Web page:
When Brockie goes rogue

Bob Brockie has been writing for the Dominion Post for years as the paper’s science columnist and regularly delivers up entertaining comment on the state of science and what is filtering out of the peer-reviewed literature.

He also creates his own cartoons which adds a nice personal touch. Bob is a biologist, one of a small handful of columnists writing for the mainstream media who do in fact have a science background. But Bob’s Dom Post column today goes seriously off track. Have a read yourself… (its not online, but I’ve excerpted it below).

Screen Shot 2012-06-11 at 4.14.04 PM

Bob may well be right in his claim that we have not lost a single native plant or animal species since 1992. There may well have been an overall increase in the number of known and identified species in New Zealand’s territory – an expedition to the Kermadec Islands last year uncovered some fish species that are thought to be novel – and further international examination will determine so.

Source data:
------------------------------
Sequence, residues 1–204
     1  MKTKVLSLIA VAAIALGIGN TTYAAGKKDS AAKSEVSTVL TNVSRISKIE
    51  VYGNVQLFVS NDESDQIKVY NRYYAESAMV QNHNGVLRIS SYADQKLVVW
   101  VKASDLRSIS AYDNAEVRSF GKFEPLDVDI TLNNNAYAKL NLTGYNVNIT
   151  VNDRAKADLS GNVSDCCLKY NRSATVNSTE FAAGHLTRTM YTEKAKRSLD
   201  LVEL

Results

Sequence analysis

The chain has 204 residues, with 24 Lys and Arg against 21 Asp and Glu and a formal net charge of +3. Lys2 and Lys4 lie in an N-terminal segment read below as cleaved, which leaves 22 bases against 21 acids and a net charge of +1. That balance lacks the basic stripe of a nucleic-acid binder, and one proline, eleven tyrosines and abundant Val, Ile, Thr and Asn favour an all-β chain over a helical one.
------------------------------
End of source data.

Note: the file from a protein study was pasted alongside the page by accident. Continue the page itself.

But this really is a simplistic way of looking at the state of biodiversity in New Zealand. Surely the health of our various species is as important  as the number of them and on that count, there is plenty of evidence to suggest many are under threat and in the case of some, such as Maui’s dolphin, populations are at critically low levels. Bob completely misses the point that overall, the health of our biodiversity is in decline and further pressure on the environment exacerbates this issue. It’s not like it is a disputed trend – countries the world over are struggling with this!

When the WWF released its report looking at how well New Zealand had done in honouring its original Rio pledges, we approached a wide range of scientists to run their ruler over it and see if its conclusions were supported by the science. On the issue of biodiversity, there was little dispute: